Indigenous peoples


The involvement of indigenous and traditional mountain communities is a prerequisite for sustainable mountain development. The culture of indigenous and traditional mountain communities is predominantly agrarian, shaped by harsh climates and rough terrain as well as the seasonal rhythms of planting, harvesting and transhumance.

For these peoples, land, water and forests are not simply natural resources to be used. As their ancestors before them, these communities understand that their well-being, their sense of identity and their children’s future depend on the careful stewardship of the environment. This ‘intangible heritage’ also enriches the global community, providing inspiration and insights for realizing a more sustainable relationship between humankind and the environment.

Mountain peoples cultivate a wide variety of crops that are adapted to a range of different elevations, slope conditions and microclimates. Moreover, indigenous and traditional mountain farmers have explicitly designed their agricultural systems to protect the soil from erosion, conserve water resources and reduce the risks of disasters triggered by natural hazards.

Therefore, traditional mountain communities serve as custodians of traditional knowledge on how to farm in difficult mountainous conditions and of important reservoirs of agricultural biodiversity. It is important to recognize in indigenous mountain communities that men and women have different areas of knowledge, experience and responsibility that contribute to preserving biodiversity.

The nutritional value of local foods is not determined simply by the different types of local crops, but by the way herbs and spices, the oils, meat, vegetables and condiments are combined and cooked (almost exclusively by women). This traditional cuisine, along with the knowledge and skills required to prepare it, represents another vital aspect of the intangible cultural heritage of mountain peoples. Unfortunately indigenous mountain food systems are at risk. Indigenous foods, stigmatized as ‘foods of the poor’, are often abandoned in favour of modern foods that are more convenient to cook but often contain high levels of sugar and fat and have relatively low nutritional value. This phenomenon compounds the problem of the relatively high rates of iodine and vitamin A micronutrient deficiencies found in impoverished mountain communities.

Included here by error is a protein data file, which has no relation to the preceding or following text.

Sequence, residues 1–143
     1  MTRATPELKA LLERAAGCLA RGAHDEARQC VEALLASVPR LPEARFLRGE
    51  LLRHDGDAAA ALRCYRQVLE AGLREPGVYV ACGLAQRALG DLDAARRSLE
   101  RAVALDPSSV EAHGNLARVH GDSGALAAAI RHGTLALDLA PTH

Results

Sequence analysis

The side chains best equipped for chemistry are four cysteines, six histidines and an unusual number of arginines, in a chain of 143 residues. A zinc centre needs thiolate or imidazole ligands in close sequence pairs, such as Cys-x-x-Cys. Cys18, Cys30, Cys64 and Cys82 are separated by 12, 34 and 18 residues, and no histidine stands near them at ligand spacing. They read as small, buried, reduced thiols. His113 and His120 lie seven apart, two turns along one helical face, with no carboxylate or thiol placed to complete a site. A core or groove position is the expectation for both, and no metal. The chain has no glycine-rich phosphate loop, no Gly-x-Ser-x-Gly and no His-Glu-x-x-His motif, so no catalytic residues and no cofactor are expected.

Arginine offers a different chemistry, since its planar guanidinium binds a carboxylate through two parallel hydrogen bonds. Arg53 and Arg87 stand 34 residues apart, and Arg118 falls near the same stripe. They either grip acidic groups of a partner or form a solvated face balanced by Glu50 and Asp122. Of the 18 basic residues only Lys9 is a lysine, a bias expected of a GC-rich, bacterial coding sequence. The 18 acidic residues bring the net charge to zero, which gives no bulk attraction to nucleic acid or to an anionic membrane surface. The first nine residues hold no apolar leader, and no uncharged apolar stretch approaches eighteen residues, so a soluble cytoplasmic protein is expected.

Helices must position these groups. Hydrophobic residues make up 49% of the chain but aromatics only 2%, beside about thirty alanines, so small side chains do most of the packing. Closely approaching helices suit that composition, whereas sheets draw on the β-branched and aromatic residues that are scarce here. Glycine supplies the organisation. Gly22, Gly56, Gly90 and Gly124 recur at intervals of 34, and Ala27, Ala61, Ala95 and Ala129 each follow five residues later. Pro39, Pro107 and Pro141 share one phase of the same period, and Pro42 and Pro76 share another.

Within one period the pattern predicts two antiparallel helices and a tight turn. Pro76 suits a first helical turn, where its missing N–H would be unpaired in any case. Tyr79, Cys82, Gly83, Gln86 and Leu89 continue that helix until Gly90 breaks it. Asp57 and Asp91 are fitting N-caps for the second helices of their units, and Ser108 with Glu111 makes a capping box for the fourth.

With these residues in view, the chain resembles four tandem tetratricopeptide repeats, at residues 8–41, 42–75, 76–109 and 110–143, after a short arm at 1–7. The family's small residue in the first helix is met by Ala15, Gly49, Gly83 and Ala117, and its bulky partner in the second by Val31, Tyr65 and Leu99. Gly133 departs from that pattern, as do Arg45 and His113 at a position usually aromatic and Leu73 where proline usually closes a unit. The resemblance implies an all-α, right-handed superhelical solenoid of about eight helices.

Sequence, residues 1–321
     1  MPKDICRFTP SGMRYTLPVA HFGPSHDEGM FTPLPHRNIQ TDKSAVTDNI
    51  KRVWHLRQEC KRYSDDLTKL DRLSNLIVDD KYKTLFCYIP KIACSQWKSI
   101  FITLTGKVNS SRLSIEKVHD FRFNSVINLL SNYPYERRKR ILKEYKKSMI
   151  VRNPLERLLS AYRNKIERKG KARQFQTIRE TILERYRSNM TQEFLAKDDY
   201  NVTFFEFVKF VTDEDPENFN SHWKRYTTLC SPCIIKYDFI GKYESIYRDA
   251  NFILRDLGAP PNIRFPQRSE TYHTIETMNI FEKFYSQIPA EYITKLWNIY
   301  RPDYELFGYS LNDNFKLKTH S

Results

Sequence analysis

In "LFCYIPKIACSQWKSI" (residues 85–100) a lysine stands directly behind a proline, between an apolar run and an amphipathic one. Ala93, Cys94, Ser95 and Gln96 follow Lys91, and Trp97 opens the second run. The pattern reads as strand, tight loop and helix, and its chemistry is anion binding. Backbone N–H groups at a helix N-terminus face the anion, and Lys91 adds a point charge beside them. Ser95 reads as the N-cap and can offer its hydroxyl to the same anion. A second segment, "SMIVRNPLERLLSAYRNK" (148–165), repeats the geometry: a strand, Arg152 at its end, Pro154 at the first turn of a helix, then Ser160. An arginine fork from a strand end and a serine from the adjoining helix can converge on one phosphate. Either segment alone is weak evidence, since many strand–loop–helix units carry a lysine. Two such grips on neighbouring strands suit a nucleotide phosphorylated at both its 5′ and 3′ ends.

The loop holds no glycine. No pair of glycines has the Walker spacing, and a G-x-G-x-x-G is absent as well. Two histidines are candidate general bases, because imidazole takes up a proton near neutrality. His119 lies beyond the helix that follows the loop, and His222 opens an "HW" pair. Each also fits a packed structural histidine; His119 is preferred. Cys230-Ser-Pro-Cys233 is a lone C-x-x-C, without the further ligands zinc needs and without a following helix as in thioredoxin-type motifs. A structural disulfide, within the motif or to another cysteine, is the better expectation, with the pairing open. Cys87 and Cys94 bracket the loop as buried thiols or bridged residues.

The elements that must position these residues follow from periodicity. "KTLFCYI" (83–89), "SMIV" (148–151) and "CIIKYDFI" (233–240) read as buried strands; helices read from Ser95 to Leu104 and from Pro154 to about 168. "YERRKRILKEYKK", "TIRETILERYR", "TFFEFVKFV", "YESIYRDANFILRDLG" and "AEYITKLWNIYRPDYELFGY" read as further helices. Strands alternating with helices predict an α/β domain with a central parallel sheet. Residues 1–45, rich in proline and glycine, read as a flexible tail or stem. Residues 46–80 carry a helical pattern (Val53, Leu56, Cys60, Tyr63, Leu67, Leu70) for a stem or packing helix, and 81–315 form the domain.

With climate change scenarios strongly suggesting that extreme weather events are likely to become more common and more intense in mountain areas, it is necessary integrate indigenous agricultural systems and their historical perspectives on climate variability as key-tools in climate change adaptation strategies.

Yachay Wasi re-visits Andean lakes projects

Yachay Wasi re-visits Andean lakes projects

news

Vice President and Co-Founder of Yachay Wasi and main representative to the United Nations (UN) Marie-Danielle Samuel re-visited Acopia, Peru, in June 2016, returning to the site of several Yachay Wasi projects. She said:

“I returned to Cuzco, Peru and, with the President of Yachay Wasi, I re-visited the Circuit...

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Mountain communities call for climate action

Mountain communities call for climate action

news

As half of the world's population relies on mountains for their water, 18 indigenous mountain communities call for support to strengthen traditional natural resource management systems. Mountain communities are among the most vulnerable to climate change, with many communities already suffering due to erratic rainfall, drought, increased temperatures and pests, as...

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Call for mountain photographs for IMD

Call for mountain photographs for IMD

peak to peak

                                                                       Issue 94 – Month 7 – Year 2016

The July issue of...

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Call for mountain photographs for IMD

Call for mountain photographs for IMD

news

Send us your mountain photos. We are seeking pictures that show local mountain culture. You could submit portraits of mountain peoples or spontaneous shots of individuals engaging in traditional activities, festivals or everyday mountain life. The photographs will be used to promote International Mountain Day (IMD), which is 11 December.

The...

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VII Meeting of Knowledge and Practices of Rural Andean Peoples

VII Meeting of Knowledge and Practices of Rural Andean Peoples

event

For four days in the city of Andahuaylas, people who live in rural parts of the Andes in Argentina, Bolivia, Chile, Colombia, Ecuador and Peru will meet again for a meeting of knowledge and practices, organized by REDAR Peru  and the Ministry of Agriculture of Peru.

Identify...

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Method for climate adaptation in the mountains

Method for climate adaptation in the mountains

news

Active Remedy Ltd submitted a report - outlining a method/tool for working with mountain communities and integrating modern and traditional knowledge conservation approaches – to a United Nations Convention on Climate Change (UNFCCC) database. The worldwide database gathers various uses of Local, Indigenous and Traditional Knowledge and Practices for...

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